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The Nuts and Bolts of Business Letters

How to format your business letters so you look smart and professional.

Maria Siriano

on 15 April 2010

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Transcript of The Nuts and Bolts of Business Letters

L E T T E R S FORMAT FULL BLOCK company letterhead left-aligned text generous margins MODIFIED BLOCK { center
on page start writer's address
and date at center of page complimentary close
and signature aligns
with date first line of paragraph
may be indented PARTS of a LETTER Letterhead Date Line Inside Address Body of letter Complimentary Close Signature Enclosure Line Copy Notation Salutation Spell out the name of
the month: i.e. "September"
instead of "Sept." Always against left margin
Two lines below the date line
Single spaced
No punctuation
Contains name, title, company, and address
Write to a specific person Keep sentences short
Paragraphs should be under six or seven lines Sincerely,
Sincerely yours,
Yours sincerely, Acceptable If you know each other well: Cordially,
Best wishes,
Regards, Allow four spaces between the complimentary close and your typed name
Sign in ink to show care and personal attention
If including company name, type in all caps two spaces below complimentary close Use if there are additional materials with your letter Use if your letter has been sent to one or more other recipients APPEARANCE Choose font wisely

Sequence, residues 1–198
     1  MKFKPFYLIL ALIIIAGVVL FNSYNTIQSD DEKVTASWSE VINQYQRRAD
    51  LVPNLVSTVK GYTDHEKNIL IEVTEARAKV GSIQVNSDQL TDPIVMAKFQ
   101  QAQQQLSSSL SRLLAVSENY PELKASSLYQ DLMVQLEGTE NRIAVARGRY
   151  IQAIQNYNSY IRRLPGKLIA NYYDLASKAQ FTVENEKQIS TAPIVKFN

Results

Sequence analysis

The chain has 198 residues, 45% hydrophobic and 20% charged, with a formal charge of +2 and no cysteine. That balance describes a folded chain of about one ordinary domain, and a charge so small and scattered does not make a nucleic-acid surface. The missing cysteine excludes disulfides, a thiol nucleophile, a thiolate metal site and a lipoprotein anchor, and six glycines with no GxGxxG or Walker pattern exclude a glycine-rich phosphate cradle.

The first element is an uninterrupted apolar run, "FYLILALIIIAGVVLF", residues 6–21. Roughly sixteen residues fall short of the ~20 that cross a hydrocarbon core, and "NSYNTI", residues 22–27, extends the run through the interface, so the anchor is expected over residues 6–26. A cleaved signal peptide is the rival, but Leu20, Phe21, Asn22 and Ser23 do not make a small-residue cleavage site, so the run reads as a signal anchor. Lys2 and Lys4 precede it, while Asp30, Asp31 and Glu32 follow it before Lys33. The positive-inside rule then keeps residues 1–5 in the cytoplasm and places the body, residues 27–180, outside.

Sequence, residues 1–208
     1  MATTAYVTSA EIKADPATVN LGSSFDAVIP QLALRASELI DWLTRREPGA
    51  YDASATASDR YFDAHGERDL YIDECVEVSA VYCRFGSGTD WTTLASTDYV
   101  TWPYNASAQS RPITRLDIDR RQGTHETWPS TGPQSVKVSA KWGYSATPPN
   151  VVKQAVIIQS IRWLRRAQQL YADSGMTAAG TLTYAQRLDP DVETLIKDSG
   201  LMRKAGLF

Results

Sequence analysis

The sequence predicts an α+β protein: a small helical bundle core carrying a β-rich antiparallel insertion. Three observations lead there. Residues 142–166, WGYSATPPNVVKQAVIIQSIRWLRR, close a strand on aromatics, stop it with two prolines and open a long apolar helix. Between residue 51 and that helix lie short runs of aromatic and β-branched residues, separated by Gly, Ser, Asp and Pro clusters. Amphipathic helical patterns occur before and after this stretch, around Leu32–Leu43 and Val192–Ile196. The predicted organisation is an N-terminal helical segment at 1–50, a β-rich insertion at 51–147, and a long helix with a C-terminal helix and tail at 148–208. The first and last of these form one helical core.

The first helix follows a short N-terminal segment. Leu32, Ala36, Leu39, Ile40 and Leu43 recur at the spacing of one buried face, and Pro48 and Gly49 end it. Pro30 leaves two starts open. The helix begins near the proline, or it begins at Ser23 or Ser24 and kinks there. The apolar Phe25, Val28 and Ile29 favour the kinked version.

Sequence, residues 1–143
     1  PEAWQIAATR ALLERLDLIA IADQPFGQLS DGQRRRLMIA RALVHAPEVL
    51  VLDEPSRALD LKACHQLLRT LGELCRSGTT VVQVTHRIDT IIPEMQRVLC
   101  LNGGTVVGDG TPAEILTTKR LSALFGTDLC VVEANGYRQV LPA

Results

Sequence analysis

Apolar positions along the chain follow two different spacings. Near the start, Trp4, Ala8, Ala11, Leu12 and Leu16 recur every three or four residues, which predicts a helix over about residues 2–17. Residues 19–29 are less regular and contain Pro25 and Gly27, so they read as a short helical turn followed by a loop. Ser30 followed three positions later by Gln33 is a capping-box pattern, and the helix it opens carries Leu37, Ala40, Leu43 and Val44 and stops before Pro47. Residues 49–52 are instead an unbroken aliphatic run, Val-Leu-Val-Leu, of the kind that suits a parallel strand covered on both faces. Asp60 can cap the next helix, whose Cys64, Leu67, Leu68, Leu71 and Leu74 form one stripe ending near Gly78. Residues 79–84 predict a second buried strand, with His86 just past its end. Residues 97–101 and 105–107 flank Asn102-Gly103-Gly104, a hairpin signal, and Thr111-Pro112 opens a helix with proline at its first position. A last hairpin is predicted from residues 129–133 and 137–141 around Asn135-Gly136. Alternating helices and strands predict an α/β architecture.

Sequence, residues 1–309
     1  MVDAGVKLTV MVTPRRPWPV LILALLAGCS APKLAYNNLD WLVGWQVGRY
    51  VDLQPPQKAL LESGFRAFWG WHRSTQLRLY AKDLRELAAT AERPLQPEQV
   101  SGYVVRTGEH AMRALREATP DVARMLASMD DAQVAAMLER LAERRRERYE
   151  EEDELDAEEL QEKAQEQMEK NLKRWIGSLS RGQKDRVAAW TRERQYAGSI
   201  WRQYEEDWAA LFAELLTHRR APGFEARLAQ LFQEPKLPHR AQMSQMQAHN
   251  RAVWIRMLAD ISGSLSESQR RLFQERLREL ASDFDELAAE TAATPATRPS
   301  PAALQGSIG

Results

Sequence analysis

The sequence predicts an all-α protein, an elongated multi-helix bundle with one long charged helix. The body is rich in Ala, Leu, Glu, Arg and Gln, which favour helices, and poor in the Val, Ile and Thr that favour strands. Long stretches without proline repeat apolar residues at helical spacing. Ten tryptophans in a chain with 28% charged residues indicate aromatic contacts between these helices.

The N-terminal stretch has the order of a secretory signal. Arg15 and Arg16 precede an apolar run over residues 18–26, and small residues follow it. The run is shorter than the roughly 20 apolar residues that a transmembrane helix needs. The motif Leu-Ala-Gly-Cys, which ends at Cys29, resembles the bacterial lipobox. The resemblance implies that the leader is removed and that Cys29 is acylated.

Serif fonts are best
(e.g. Times New Roman, Georgia, etc.)
Avoid too small or too large
Steer clear of decorative or script fonts

Use Print Preview
You can see the final product before it is
printed and make necessary adjustments

Paper Quality
Heavy paper gives "weight" to your message,
both literally and figuratively
Colored paper looks unprofessional
Use a nice printer with plenty of ink to
ensure a crisp and professional appearance
organization Three Sections:
1. Introduction
> To the point
> Reference relevant prior communication
2. Body
> Goes into specifics
> Key details and facts
3. Conclusion
> Summarizes what is expected next
> Builds goodwill and thank readers

Each section may be one paragraph
Body may consist of two or more paragraphs Remember:
Always be professional
Make your letter aesthetically pleasing
The better your letter looks, the better
you and your company look Avoid
Forever yours,
Devotedly yours,
Faithfully yours, Center and balance
Don't crowd your page
Have about the same amount of white space
at the top and bottom of the page
Leave generous side margins: about 1.5 inches
Single spaced within paragraphs
Double space between paragraphs Start with "Dear," a courtesy title, then the readers' last name
Always use a colon rather than a comma in a formal letter
Avoid general addresses like "To Whom It May Concern"
Avoid sexist uses like "Dear Sir"
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